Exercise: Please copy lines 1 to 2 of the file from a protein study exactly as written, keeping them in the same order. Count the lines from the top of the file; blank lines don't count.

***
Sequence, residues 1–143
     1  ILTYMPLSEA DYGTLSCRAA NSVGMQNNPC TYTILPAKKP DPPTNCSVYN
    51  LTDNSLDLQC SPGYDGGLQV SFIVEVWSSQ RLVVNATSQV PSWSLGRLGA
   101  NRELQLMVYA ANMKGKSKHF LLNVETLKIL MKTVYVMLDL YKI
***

Sequence, residues 1–143
     1  ILTYMPLSEA DYGTLSCRAA NSVGMQNNPC TYTILPAKKP DPPTNCSVYN